We are told that, because of a lack of suitably qualified veterinary staff, only the small throughput abattoirs with low hygiene scores will face the higher inspection charges in the initial stages. I wonder whether noble Lords are aware that although there are legally established requirements for hygiene, for staff, premises and equipment in slaughterhouses and cutting plants, the scores applied to each plant are based upon the subjective judgment of the inspector, as I gather some owners have found to their cost. I am also reliably informed that members of the State Veterinary Service have recently been going round deliberately downgrading hygiene assessment scores. There is no appeal mechanism. A senior vet stated at a recent tribunal that it was no part of his duty to act fairly. What is the world coming to?

Perhaps it would be much simpler if we are told that there is no longer a place for small producers, livestock in the hills and speciality British farm foods. The rural community would then know where it stands in the great plan. Its members could then be issued with mowers and contracts to keep open the paths for the roaming urban population.

4.10 p. m.

Lord Kimball

My Lords, the noble Lord, Lord Williamson of Horton, in an excellent maiden speech, rightly drew attention to the jobs created by leisure activity in the countryside. The Motion calls for clarity. It is timely with the new organisations, the Countryside Agency and the regional development agencies, coming into effect on 1st April. The Motion also addresses the role of Government Offices, and I shall endeavour to show briefly how two ministries are failing to recognise the major growth area of their responsibilities in the countryside.

In previous rural debates, we have lamented the restructuring of the Rural Development Commission. It has achieved so much since its foundation in 1909. Whole villages in my old constituency in the heartlands of Lincolnshire have been resuscitated by it. It goes into the Countryside Agency in company with the Countryside Commission but disembowelled of its grant-making powers which pass to a regional development agency competing with the demands of the urban regeneration agency. The functions passing from the Rural Development Commission to the regional development agencies are the redundant building grants and rural development programmes.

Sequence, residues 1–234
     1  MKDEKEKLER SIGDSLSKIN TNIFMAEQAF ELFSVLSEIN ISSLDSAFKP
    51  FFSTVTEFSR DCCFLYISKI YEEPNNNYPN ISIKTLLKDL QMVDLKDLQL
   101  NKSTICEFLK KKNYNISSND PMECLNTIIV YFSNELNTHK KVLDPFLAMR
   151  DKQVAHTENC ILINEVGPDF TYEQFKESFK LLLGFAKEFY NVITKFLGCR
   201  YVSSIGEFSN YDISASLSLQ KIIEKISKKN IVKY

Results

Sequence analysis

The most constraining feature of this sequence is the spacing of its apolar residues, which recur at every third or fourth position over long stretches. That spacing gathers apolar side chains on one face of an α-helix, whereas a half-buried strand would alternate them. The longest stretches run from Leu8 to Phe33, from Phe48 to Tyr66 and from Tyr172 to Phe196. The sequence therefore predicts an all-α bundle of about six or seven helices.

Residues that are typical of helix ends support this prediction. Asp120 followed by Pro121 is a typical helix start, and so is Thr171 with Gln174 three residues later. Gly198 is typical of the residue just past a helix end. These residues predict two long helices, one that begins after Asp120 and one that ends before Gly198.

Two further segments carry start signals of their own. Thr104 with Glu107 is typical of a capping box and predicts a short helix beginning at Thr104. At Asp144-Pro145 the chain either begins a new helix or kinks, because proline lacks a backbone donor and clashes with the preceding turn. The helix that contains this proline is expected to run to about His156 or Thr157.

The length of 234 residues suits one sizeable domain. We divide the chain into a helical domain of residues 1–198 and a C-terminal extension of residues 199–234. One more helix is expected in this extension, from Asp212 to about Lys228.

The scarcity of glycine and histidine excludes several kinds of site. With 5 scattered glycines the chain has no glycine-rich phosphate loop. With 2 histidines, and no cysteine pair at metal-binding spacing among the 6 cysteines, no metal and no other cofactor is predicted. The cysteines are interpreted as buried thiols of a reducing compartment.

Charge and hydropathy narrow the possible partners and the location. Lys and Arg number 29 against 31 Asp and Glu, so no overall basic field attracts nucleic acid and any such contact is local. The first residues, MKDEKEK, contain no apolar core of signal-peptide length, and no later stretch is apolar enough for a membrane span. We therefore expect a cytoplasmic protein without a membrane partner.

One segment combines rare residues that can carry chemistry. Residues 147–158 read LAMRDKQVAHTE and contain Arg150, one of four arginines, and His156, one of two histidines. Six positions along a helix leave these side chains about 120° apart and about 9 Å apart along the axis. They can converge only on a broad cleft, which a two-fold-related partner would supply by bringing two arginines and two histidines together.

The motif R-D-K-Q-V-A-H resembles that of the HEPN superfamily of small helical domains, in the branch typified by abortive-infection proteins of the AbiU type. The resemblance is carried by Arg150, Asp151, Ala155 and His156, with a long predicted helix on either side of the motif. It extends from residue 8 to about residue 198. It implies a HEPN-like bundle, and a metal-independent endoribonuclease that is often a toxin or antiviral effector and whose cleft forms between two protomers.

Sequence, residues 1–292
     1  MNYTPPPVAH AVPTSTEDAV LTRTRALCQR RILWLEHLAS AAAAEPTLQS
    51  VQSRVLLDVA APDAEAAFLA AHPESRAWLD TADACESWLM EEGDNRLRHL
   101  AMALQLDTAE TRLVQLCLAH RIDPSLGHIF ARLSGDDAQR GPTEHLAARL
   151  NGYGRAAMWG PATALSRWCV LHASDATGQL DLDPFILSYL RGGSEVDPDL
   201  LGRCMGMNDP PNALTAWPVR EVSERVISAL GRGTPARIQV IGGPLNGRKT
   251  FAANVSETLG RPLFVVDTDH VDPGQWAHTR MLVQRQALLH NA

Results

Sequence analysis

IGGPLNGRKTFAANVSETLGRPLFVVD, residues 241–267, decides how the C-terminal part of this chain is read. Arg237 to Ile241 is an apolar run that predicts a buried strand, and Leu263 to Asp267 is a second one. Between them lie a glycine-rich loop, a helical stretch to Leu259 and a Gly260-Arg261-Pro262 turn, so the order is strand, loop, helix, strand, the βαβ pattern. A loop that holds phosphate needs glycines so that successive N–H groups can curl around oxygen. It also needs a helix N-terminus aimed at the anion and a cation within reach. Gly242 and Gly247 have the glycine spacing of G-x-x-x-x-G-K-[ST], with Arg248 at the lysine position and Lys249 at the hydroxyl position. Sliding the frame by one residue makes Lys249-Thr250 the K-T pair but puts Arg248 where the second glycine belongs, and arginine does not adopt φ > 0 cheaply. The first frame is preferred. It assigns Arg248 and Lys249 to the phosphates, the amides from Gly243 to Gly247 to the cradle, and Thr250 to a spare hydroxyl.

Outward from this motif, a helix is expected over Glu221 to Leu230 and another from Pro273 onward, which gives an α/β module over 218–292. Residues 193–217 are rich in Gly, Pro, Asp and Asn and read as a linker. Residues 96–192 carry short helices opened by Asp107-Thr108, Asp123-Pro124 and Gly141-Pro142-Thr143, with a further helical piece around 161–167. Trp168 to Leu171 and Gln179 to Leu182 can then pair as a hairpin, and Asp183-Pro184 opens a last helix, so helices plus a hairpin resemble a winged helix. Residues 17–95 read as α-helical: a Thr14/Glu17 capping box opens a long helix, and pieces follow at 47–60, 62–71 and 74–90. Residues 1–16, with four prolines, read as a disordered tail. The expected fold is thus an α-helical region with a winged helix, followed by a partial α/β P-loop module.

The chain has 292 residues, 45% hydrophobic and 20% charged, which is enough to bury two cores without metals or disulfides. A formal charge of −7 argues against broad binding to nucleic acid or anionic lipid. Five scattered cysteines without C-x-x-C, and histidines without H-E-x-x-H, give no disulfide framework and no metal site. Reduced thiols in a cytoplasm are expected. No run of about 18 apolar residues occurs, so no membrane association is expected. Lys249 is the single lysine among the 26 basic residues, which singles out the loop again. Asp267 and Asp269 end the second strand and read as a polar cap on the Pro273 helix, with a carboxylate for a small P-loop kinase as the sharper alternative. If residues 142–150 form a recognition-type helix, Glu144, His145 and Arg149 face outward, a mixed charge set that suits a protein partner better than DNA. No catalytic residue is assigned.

Powers passing to the Countryside Agency under Section 35 of the Regional Development Agencies 1998 include ones that can be applied across a wide-ranging experimental sphere covering social, economic and recreational areas. I want to put down an early marker here concerning the urgent need for licences to be issued for extensive experiments in avian predation management by quota and translocation. It is needed as a result of the Langholm study and the correct procedures for dealing with a major rural problem of the employment and harvesting of the most valuable crop of the heather moorland; the red grouse. The department has the power to issue such licences in relation to the hen harrier and peregrine falcon. Research by the Game Conservancy as a follow-on from the Langholm project shows that this may be an opportunity to save these birds as part of the rural working landscape.

Like the right reverend Prelate, I am concerned that the Minister of Agriculture was missing from all press briefings about the Countryside Agency and the regional development agencies. The Deputy Prime Minister was to the fore, supported by Ministers from the departments responsible for the environment, trade and industry and education and employment.

If you take a graph of agricultural employment and production and compare it with a graph of employment of production from the British Horse Industry Confederation, you will see that in rural Britain the horse will overtake agriculture in a very short time. No Minister is responsible for this major development. The interest of the Home Office in racing is purely as a regulator of betting. It has no responsibility for breeding or export.